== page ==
"The Indian Merchants Chamber (IMC) is concerned about the manner in which the reservation issue is being promoted and handled. Even after 67 years, we have not been able to address the fundamental issue of reservation," said chamber president Prabodh Thakker.
Terming the new mechanism as appearing to be "more political rather than having socio-economic content", Thakker said the IMC was not appreciative of the current announcement of reservations in Maharashtra.
However, he made it clear the IMC supports the government stance that weaker sections should be given a helping in skill development.
"IMC will lead from the front as an enabler," he said.
For achieving this objective, Thakker urged the government to create a positive environment for creating more job opportunities and educational institutions to meet the gap between demand and supply, rather than resorting to reservations.
He expressed the IMC's readiness to hold a dialogue with the political establishment which could help "promote meritocracy in the society for all-round benefit and growth".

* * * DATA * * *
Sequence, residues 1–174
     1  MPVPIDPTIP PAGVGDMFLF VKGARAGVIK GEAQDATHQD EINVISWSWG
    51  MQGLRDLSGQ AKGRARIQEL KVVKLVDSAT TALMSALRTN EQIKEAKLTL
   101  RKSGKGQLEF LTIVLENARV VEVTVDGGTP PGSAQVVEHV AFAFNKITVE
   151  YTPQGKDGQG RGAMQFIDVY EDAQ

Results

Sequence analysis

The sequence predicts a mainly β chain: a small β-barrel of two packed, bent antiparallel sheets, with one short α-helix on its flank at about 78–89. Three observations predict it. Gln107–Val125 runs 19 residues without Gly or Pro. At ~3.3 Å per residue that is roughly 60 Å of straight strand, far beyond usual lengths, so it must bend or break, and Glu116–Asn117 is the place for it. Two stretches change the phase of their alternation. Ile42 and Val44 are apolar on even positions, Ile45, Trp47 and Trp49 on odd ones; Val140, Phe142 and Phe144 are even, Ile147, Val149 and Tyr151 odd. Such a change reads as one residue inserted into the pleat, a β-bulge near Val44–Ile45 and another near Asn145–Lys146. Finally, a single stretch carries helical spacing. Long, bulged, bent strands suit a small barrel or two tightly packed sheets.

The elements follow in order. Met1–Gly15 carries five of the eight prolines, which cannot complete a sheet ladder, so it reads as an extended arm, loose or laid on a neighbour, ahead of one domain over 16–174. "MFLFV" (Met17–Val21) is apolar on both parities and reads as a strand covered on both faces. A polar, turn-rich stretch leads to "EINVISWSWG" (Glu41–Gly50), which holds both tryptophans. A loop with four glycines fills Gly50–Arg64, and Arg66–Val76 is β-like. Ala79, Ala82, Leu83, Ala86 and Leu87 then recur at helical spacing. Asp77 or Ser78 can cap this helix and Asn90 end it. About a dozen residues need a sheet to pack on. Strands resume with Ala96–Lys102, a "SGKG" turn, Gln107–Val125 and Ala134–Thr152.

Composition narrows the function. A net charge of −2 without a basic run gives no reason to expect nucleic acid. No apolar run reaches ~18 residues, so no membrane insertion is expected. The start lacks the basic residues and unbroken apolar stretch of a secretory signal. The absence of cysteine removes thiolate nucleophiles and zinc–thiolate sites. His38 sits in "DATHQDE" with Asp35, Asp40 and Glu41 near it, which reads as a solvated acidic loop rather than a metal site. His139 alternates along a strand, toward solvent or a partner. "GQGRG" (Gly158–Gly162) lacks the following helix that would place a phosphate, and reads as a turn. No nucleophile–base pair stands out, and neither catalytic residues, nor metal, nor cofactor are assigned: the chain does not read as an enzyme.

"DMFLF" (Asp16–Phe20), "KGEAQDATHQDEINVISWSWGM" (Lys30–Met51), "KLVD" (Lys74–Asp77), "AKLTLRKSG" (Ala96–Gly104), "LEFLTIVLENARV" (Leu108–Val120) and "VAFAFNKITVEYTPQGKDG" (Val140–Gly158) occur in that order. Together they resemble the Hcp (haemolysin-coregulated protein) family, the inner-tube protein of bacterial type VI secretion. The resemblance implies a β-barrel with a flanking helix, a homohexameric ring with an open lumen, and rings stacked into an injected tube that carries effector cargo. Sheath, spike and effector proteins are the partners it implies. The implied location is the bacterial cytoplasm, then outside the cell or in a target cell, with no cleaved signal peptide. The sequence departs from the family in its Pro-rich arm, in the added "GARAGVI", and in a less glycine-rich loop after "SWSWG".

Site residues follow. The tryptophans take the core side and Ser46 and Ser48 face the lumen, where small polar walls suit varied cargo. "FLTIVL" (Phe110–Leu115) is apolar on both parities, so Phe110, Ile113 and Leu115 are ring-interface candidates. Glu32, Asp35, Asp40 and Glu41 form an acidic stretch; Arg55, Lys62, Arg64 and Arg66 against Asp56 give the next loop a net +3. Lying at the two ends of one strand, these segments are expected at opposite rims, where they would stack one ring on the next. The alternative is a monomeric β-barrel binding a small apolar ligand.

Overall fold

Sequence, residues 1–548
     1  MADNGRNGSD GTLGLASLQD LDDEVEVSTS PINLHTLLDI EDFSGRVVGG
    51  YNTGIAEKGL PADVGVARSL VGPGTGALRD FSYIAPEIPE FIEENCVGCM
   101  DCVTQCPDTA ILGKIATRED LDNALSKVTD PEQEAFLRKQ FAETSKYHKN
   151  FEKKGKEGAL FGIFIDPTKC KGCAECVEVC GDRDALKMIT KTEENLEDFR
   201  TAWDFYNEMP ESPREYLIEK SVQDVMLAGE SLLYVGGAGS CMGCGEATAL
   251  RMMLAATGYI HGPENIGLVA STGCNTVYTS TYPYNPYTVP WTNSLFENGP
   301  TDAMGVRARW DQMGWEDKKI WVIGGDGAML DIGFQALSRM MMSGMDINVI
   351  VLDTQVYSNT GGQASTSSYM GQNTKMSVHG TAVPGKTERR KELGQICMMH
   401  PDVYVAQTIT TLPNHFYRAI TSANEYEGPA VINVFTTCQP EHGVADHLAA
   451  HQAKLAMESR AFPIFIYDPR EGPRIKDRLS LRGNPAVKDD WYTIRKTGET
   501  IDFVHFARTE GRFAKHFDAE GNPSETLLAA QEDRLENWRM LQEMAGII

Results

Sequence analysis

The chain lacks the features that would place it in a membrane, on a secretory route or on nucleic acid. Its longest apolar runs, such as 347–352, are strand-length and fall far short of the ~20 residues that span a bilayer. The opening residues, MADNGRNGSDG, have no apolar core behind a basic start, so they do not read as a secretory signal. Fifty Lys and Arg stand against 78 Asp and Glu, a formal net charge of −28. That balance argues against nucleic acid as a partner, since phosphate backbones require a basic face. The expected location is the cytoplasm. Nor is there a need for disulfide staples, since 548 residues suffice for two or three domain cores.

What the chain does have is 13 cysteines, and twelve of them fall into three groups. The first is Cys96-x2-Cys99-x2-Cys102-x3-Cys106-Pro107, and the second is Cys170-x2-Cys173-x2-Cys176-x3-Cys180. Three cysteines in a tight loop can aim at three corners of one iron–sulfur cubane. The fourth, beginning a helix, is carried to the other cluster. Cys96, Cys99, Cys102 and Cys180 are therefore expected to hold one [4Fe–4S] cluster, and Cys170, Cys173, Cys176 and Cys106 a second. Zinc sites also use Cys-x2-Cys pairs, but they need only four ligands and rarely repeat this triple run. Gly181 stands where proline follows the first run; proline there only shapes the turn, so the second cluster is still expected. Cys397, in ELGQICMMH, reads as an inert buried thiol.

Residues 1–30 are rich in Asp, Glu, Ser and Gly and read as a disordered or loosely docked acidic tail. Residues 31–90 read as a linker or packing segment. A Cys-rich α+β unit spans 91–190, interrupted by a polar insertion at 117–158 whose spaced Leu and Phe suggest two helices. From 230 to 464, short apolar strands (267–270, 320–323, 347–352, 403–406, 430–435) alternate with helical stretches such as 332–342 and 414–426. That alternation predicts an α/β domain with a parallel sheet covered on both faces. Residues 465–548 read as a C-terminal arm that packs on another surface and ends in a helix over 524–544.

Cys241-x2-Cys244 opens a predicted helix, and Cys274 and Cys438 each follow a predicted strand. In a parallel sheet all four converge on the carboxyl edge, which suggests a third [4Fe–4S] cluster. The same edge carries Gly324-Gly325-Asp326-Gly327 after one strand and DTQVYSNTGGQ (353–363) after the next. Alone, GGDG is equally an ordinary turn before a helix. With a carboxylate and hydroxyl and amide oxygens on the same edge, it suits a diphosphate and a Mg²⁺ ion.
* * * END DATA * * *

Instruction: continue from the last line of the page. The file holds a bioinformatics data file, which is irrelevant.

The IMC highlighted the issue in the wake of the state government giving 16 percent reservation for Marathas and and five percent to Muslims in the state, based on various criteria, with a view to draw them into the socio-economic mainstream.
This is in addition to the existing 52 percent reservation for various other groups and communities, taking the total extent of reservation in education and government jobs to a whopping 73 percent, leaving the rest for the general categories.
While announcing the reservation last month, Chief Minister Prithviraj Chavan dismissed the contention that it was politically motivated and said the process was initiated a decade ago.
Minority Affairs Minister M.A. Naseem Khan termed the move as "historic and revolutionary" which would greatly contribute to the development and inclusion as well as empower the backward Muslim community socially and economically in the state.